Calvi noticed the remoteness of the young painter from the "old style", that means from the Mannerist painting of Procaccini, Fontana and Samacchini who often, "wanting to correct nature, they deform it and deturpate it" and as in his early work, Guercino was "all based on the natural, from which he religiously copied everything in its very crudeness and simplicity. He took the very high lumen to achieve the effect of a great stain that he knew sweetly tune, and his things seemed painted in chiaroscuro rather than not; but the use to portray the continuous truth took gradually mastered such and such color daring, almost another Caravaggio gave to all in the eye, and was deservedly to meet with universal approval."
The Lanzi finally sees the youthful manner of Guercino as "full of strong shadows with very sharp lights, less studied in the faces and in the butt, pulling the yellowish meat, and in the rest vague of colorful; way that remotely resembles Caravaggio: it does not even resemble Cento, but Bologna still has some sage in San Guglielmo."
Biographers rightly approach Guercino more or less closely to Caravaggio for his reference to reality, but Guercino should not be associated to Caravaggio for the use of light contrasts: in Caravaggio they are a means to emphasize the plasticity of form, while in Guercino the luministic search is an end in itself, that aims to achieve a purely light effects. The large spot, the chiaroscuro, "protest this antiplastic intent in favor of an outdoor coloristic exaltation, against Caravaggio’s intentions, could not have succeeded more antithetical": the luminosity of Guercino "is never stretched to the revelation of a reality that in Merisi assumes intonations most raw and dramatic."
In 1612 the Canon Antonio Mirandola, the future president of the local monastery of the Holy Spirit, came from Bologna to Cento. He was an art lover, who encouraged the young painter by introducing him to the charcoal drawings of the painter Pietro Faccini (1562-1602), a pupil of the Carracci, who will bear in mind in its projects, and above all giving him the first commissions: that was how the Guercino painted (ca 1612) Two angels with the shroud and the San Carlo Borromeo to the Santa Maria Addolorata church’s frescoes, the Eternal Father and the Annunciation for the Church Holy Spirit (1613), the three blades of the parish of Renazzo di Cento (1614-1616), including the Madonna with the saints Pancras and Chiara, the Madonna enthroned with saints Francis, Anthony abbot and Bovo and The miracle of St. Charles Borromeo. Scannelli and Calvi noted about the latter "with the study our Giovan Francesco followed the footsteps of Ludovico Carracci." It was also noted as artificial lighting and the family atmosphere of the painting has been influenced by an altarpiece by Lavinia Fontana in 1590, the Nativity of the Virgin, then in the Bolognese church of San Biagio, which Guercino could know well.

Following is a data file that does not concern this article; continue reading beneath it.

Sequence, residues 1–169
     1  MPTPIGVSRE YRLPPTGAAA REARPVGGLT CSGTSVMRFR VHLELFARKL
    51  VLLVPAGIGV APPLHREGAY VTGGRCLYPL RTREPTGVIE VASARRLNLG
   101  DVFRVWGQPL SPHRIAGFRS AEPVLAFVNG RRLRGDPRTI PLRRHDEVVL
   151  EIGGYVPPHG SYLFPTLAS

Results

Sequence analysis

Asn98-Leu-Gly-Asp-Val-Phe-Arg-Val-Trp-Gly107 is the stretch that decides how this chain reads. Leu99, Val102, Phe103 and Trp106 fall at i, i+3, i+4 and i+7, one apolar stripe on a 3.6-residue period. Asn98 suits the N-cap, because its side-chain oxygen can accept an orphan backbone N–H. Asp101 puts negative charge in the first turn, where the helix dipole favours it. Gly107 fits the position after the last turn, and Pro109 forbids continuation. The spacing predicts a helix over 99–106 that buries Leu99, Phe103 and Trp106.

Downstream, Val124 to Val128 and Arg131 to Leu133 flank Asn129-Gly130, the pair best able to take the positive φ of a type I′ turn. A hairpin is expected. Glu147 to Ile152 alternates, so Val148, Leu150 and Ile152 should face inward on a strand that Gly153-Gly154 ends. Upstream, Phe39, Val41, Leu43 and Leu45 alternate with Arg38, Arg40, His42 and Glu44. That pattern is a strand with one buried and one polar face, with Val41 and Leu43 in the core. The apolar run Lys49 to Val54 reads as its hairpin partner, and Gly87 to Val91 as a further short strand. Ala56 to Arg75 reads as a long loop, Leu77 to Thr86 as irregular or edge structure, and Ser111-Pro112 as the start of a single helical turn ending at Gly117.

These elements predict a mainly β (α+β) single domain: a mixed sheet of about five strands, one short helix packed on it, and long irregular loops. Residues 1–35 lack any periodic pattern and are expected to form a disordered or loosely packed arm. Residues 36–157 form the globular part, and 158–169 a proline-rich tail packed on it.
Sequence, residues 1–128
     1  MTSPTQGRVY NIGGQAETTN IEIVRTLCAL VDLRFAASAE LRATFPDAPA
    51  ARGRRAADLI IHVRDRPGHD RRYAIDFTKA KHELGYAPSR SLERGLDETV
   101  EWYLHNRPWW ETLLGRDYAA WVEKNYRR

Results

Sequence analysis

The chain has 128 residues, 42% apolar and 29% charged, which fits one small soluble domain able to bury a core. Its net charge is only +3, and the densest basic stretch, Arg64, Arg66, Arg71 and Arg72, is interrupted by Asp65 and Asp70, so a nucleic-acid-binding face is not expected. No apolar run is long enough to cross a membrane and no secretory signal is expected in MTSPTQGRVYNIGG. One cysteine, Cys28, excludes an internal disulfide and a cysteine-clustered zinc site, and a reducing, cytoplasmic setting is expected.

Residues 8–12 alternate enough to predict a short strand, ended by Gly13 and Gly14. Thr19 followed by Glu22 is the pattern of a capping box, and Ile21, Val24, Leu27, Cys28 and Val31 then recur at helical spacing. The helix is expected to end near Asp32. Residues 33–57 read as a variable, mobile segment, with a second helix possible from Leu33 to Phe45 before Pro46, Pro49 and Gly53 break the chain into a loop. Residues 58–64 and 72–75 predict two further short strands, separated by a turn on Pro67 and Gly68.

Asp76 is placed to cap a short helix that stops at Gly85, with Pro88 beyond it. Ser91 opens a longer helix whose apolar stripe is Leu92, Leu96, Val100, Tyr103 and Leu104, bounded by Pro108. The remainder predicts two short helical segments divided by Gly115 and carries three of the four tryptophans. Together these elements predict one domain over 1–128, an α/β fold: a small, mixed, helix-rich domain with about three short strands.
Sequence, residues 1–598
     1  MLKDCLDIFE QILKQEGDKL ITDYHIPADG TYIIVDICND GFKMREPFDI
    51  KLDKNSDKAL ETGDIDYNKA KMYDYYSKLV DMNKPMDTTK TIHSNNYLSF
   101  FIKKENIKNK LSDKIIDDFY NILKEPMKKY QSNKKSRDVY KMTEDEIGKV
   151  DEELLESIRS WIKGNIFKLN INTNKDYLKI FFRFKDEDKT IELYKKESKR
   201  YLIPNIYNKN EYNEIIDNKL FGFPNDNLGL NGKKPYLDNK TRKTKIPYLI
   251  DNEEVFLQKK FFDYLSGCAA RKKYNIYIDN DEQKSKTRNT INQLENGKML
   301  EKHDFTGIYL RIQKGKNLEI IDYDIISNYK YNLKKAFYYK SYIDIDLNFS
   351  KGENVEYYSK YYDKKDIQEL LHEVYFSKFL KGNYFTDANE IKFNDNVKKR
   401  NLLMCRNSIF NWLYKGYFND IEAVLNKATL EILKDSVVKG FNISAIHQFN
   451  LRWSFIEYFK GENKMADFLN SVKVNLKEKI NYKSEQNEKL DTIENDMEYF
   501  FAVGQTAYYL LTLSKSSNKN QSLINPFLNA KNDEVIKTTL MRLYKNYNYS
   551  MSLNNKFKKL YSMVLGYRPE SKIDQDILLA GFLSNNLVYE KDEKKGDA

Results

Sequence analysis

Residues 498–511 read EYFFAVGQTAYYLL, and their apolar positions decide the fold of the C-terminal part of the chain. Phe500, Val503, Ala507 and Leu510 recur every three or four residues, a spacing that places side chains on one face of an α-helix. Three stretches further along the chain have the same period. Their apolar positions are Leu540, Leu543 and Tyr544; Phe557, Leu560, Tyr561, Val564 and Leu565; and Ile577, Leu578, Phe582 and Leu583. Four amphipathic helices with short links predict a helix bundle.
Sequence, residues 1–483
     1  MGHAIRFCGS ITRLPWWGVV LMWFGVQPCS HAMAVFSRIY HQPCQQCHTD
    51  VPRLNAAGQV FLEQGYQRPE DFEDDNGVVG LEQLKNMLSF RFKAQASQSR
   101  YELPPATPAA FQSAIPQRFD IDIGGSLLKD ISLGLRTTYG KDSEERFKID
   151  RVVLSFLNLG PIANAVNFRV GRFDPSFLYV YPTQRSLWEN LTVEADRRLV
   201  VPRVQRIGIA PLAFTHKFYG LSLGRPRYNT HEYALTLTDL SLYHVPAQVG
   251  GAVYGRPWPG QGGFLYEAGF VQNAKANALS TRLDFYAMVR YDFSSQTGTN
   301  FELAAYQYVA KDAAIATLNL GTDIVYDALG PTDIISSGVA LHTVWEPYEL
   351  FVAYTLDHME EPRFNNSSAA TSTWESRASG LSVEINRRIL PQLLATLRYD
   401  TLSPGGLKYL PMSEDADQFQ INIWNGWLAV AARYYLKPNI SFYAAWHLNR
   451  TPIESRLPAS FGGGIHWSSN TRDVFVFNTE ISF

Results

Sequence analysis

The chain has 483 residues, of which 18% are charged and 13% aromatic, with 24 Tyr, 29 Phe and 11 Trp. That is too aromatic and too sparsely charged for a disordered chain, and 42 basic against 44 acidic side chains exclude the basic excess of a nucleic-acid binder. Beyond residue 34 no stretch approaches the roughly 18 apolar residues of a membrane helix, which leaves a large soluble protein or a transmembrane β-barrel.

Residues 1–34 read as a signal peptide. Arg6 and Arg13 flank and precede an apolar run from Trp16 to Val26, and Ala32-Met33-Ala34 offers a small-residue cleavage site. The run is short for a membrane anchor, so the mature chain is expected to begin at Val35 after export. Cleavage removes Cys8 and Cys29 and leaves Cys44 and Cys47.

In the light and shade of the house Provencal (1614) "increasingly could be seen how the Barbieri had studied over the works of Lodovico, because these terms are made in imitation of those famous of the Carracci in the Favi home in Bologna", but a discussion deserve the landscapes of the Pannini house (1615-1617) where the Guercino found a very personal item: no school references, free from constraints of academia, his freedom of representation leads him to manifest his love for nature and for the life of the fields, the pleasure of observing everyday scenes with freshness and simplicity, as shown by The Harvest, A Road of Cento, Boys playing in front of the church of San Biagio in Cento, The Rough, The Landscape with Linen in the Sun; a taste that is more constructed, also in the paintings of the "wonderful" Landscape in Moonlight with carriage of Stockholm or the "exquisite" Landscape with swimmers women Rotterdam. That should also be smoother result witnesses the Passeri, where he writes that in the scenic representations were "of great benefit contiguous Rusticana campaigns and sites of his native land, where he lived for a long time."